Chinese banks have commenced the withdrawal of their smart deposit offerings following efforts by financial regulators to crack down on use of the products to covertly provide higher interest rates.
According to domestic media reports Chinese regulators convened a meeting at the start of May calling for financial institutions to clean up their usage of innovative depository products, in order to prevent them from circumventing interest rate restrictions to better attract retail funds.
The China Banking and Insurance Regulatory Commission (CBIRC) subsequently issued CBIRC Directive no. 23 on 17 May, clearly requiring the rectification of “structured deposits which are inauthentic, and the use of ‘fake structured deposits’ to covertly attract customers with high interest rates.”
A report from Securities Daily indicates that the measures have already proved effective, with all of the big state-owned banks except for China Construction Bank (CCB) suspending their sale of smart deposit products, and the majority of all Chinese banks actively withdrawing them as offerings.
“Sale of smart deposit products was suspended on 17 May, and outstanding products will be naturally terminated once they mature,” said one employee from a state-owned bank.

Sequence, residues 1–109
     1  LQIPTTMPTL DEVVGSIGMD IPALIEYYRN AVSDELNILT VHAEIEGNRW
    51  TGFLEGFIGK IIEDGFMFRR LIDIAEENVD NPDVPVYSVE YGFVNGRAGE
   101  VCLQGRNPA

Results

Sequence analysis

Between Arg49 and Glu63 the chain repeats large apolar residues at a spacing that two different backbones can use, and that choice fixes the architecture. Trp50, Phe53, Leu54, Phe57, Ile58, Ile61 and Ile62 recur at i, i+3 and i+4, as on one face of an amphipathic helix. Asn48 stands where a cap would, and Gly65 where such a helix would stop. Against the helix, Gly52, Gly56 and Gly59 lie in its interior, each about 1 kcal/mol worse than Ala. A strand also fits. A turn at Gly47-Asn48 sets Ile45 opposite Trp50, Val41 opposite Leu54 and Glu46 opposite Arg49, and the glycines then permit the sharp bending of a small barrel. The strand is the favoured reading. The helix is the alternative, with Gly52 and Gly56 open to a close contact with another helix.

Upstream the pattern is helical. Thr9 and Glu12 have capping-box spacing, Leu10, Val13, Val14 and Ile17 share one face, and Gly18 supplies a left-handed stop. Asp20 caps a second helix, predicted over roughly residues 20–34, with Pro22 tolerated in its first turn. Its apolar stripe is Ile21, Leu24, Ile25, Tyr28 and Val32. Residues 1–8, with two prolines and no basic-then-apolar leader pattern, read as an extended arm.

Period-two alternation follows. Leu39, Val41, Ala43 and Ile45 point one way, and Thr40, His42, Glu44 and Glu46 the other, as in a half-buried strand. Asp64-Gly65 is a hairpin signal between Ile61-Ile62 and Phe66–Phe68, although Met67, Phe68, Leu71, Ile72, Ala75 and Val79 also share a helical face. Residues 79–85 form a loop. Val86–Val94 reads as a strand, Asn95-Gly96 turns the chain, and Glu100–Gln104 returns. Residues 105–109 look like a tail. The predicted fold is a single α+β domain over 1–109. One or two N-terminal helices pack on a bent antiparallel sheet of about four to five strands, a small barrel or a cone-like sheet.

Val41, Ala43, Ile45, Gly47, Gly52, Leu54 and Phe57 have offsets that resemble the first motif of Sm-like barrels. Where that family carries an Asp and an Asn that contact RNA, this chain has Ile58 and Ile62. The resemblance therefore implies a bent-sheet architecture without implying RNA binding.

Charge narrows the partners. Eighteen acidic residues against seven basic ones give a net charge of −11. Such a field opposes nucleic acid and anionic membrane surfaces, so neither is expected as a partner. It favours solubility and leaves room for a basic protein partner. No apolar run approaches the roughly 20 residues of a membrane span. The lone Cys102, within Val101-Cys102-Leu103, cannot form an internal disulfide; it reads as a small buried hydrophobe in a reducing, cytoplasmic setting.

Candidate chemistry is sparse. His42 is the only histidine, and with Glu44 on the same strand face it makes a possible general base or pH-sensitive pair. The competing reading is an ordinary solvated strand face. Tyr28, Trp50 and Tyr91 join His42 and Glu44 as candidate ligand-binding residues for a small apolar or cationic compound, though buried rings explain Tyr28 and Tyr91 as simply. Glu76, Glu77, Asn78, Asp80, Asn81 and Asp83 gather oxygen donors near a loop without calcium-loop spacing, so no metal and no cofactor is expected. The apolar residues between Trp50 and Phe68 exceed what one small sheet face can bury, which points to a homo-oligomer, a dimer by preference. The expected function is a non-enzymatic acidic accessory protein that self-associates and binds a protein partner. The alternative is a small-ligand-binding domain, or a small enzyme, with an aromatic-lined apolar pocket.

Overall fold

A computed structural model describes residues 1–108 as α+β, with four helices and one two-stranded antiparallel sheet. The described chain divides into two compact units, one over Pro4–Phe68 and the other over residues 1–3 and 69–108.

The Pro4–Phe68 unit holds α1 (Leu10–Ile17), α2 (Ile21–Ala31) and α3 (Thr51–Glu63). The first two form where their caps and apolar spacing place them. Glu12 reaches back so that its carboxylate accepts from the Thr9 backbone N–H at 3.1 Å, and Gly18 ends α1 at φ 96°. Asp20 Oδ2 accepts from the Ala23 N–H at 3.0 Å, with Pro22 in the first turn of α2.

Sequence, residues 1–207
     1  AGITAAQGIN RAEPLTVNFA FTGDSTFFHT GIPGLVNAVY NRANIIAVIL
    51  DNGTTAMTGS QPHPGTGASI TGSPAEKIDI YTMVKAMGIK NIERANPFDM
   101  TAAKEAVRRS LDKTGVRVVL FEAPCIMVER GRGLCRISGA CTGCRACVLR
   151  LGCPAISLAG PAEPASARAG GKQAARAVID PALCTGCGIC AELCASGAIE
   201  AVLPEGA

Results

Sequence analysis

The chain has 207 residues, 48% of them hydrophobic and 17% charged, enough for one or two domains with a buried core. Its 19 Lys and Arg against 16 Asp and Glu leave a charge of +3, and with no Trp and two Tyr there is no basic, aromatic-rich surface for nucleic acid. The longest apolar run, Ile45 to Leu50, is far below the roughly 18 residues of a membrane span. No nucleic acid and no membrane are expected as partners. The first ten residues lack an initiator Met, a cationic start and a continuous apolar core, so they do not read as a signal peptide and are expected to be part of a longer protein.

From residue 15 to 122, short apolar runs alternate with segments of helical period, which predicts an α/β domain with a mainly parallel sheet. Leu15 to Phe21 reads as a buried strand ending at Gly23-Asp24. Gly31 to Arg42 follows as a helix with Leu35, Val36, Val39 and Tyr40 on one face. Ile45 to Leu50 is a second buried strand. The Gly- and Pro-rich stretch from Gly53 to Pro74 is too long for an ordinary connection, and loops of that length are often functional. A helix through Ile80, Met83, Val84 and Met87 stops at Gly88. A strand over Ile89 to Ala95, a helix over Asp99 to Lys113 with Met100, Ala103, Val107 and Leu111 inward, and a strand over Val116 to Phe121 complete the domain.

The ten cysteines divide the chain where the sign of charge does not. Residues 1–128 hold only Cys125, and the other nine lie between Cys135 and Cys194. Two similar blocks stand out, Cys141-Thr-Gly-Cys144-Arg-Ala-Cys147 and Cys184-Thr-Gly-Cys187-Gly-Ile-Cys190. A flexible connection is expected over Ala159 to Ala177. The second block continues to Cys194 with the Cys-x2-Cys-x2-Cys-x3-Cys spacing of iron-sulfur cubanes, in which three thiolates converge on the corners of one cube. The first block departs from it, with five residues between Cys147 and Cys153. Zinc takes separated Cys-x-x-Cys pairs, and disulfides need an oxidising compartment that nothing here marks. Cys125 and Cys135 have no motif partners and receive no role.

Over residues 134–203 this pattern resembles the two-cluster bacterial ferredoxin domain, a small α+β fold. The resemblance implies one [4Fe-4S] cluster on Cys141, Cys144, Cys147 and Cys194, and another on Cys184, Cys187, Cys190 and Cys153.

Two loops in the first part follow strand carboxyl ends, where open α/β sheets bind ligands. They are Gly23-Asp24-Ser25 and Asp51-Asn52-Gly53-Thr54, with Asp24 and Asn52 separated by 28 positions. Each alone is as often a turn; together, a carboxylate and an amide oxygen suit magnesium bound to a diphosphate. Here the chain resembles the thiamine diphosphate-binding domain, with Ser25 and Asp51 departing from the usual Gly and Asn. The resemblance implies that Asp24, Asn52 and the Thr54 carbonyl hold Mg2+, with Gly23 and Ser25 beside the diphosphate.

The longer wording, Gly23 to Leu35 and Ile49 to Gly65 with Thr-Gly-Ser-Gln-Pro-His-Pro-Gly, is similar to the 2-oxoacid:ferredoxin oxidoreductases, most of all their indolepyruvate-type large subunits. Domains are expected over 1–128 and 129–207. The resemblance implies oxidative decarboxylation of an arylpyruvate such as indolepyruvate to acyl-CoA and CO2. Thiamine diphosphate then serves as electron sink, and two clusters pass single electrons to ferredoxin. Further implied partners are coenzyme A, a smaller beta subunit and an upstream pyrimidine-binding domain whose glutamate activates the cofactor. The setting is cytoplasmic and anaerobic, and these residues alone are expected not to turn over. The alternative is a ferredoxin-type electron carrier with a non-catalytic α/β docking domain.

Some private banks have suspended the sale of smart deposit products, yet others are continuing to offer them, yet contracting operations via price reductions and volume restrictions.
Wang Lijuan (王丽娟), a researcher from the strategic growth department of Evergrowing Bank, said that private banks in China are often compelled to use higher interest rates as well as other alternative means to attract deposits, given that their branch networks are smaller and their brand influence weaker.
“For private banks, they can on the one hand step up cooperation with external internet enterprises to expand their client sources, and on the other hand establish their own unique services to attract and further solidify clients in order to obtain stable deposits.”
Smart deposits in China usually consist of two types – the first being those that offer graded interest rates based on daily average scale, which are primarily provided by established, traditional lenders, and the second being those that offer graded interest rates based on deposit time, which are primarily offered by smaller private banks.
One example of the later is a smart deposit product provided by a private Chinese lender that offers an interest rate of 3.8% for deposits of more than seven days and less than six months; 4% for deposits of more than six months and less than one year, 4.2% for deposits of more than one year and less than two years, 4.5% for more than two years and less than three years, 4.6% for three to five years, and 4.7% for five years or more.